Britain on Monday indicated that scientists are exploring the possibility of an additional booster jab for later in the year in order to tackle any COVID-19 variants that may try to escape the immunity levels provided by the current vaccination program, such as the South African variant.
UK Vaccine Deployment Minister Nadhim Zahawi said a “booster in autumn” could be required but urged the public to have full confidence in the vaccines currently being administered in the country the Pfizer/BioNTech and Oxford/AstraZeneca which have now covered 12 million people in the highest risk categories.
“Our brilliant scientists and medical advisers are now working on the potential for new versions of existing vaccines to offer further protections against COVID variants,” said Zahawi, writing in ‘The Daily Telegraph’.
“But we should bear in mind that recent studies show the vaccines being deployed right now across the UK appear to work well against the COVID-19 variants currently dominant in the UK.
“In terms of other variants, not in the UK, we need to be aware that even where a vaccine has reduced efficacy in preventing infection there may still be good efficacy against severe disease, hospitalisation, and death. This is vitally important for protecting the healthcare system,” he said.
His intervention came as a small sample study conducted with the Oxford/AstraZeneca vaccine, which also has a tie-up with the Serum Institute of India, found in South Africa that it may not be as effective in preventing mild to moderate COVID-19 against the local variant. However, experts have stressed that the vaccine’s protection against severe disease and death remains promising.
“This study confirms that the pandemic coronavirus will find ways to continue to spread in vaccinated populations, as expected, but, taken with the promising results from other studies in South Africa using a similar viral vector, vaccines may continue to ease the toll on health care systems by preventing severe disease,” said Andrew Pollard, Professor of Paediatric Infection and Immunity, and Chief Investigator on the Oxford vaccine trial.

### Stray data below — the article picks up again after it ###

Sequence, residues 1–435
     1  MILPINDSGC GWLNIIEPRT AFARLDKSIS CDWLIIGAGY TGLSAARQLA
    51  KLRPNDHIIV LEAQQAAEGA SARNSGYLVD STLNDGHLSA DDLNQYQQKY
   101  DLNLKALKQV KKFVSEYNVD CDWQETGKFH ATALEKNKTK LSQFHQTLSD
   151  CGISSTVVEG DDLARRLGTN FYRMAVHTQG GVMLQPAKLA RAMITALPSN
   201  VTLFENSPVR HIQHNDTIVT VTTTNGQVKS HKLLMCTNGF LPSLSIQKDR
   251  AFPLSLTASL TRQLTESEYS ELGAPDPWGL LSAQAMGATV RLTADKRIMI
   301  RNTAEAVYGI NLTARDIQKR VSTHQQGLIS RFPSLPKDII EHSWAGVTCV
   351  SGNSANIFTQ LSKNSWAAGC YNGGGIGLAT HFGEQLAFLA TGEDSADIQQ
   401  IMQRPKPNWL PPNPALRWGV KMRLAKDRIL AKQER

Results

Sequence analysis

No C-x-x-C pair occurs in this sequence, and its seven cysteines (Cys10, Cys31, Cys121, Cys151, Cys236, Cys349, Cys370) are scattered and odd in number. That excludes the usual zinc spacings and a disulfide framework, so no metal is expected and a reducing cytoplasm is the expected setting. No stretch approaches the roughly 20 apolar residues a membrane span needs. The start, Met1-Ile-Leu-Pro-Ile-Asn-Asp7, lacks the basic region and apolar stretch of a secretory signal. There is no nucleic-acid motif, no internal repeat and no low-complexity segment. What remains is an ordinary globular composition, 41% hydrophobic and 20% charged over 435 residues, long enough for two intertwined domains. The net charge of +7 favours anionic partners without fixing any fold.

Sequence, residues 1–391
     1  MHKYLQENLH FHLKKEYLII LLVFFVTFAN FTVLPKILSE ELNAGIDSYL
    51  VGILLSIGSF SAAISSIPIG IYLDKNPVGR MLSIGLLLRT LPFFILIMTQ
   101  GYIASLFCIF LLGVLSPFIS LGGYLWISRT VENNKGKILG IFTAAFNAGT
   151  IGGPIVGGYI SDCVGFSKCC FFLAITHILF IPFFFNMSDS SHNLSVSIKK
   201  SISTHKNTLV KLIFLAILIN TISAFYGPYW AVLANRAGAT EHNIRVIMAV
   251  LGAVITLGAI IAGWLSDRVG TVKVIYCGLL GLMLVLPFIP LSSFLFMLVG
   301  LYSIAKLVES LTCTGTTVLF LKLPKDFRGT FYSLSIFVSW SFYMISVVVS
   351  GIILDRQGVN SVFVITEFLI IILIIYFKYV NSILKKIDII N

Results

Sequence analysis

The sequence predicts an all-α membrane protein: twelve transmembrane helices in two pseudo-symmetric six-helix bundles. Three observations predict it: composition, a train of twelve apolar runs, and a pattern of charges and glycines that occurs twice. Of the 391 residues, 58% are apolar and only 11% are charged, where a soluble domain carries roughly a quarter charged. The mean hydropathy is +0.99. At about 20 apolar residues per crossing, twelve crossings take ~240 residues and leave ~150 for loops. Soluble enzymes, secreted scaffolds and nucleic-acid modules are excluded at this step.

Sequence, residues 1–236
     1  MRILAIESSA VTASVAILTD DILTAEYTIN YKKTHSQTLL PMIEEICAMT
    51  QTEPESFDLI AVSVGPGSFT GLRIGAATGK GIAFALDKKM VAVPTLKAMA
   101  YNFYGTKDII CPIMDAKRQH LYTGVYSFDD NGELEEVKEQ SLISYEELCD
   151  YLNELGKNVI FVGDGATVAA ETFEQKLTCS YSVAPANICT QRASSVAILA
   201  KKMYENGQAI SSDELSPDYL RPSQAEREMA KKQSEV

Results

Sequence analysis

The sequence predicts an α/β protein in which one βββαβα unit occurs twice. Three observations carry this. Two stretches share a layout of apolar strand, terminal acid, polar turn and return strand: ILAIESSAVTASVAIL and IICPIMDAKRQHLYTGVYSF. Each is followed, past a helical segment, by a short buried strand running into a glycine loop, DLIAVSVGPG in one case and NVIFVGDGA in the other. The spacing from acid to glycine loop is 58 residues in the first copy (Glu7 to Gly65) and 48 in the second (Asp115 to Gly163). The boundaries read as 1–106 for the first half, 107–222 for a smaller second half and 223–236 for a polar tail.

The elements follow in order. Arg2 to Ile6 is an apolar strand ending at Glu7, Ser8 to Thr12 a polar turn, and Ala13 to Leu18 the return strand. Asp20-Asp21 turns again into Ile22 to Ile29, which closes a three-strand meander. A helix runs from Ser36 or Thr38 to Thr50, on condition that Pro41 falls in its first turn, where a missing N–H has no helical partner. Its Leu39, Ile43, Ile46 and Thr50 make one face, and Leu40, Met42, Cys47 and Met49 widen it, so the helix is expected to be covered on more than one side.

“We are working with AstraZeneca to optimise the pipeline required for a strain change should one become necessary,” added Sarah Gilbert, Professor of Vaccinology at the University of Oxford.
As part of the pre-print study of 2,000 volunteers, researchers from the University of Witwatersrand and others in South Africa and the University of Oxford found that viral neutralisation by the ChAdOx1 nCoV-19 coronavirus vaccine against the B.1.351 coronavirus variant, or the South African strain, were substantially reduced when compared with the original strain of the coronavirus. This indicates that the mutations in the virus seen in South Africa will allow ongoing transmission of the virus in vaccinated populations.
“These findings recalibrate thinking about how to approach the pandemic virus and shift the focus from the goal of herd immunity against transmission to the protection of all at-risk individuals in the population against severe disease,” said Shabir Madhi, Professor of Vaccinology and Director of the Vaccines and Infectious Diseases Analytics (VIDA) Research Unit at University of the Witwatersrand, and Chief Investigator on the trial in South Africa.
Earlier, Oxford University scientists have confirmed in a separate study that their ChAdOx1 nCoV-19 coronavirus vaccine has shown efficacy against the UK variant, dubbed the B.1.1.7 Kent’ coronavirus strain.
Prof. Gilbert explained that coronaviruses are less prone to mutation than influenza viruses, but it was always expected that as the pandemic continues, new variants will begin to become dominant amongst the viruses that are circulating and that eventually a new version of the vaccine, with an updated spike protein, would be required to maintain vaccine efficacy at the highest level possible.
Meanwhile, the UK government confirmed that more than 12 million people have now received at least one of the two-dose vaccines against COVID-19.
In its latest messaging, the government has also stressed that coronavirus vaccines will be offered to everyone living in the UK free of charge, regardless of their immigration status, and have urged people in the country illegally to know they will not be at risk of deportation if they come forward for a jab.
It comes as the daily death rates from the virus have shown a fall in the past few days, with 373 people dying on Sunday and taking the UK’s death toll close to 112,000.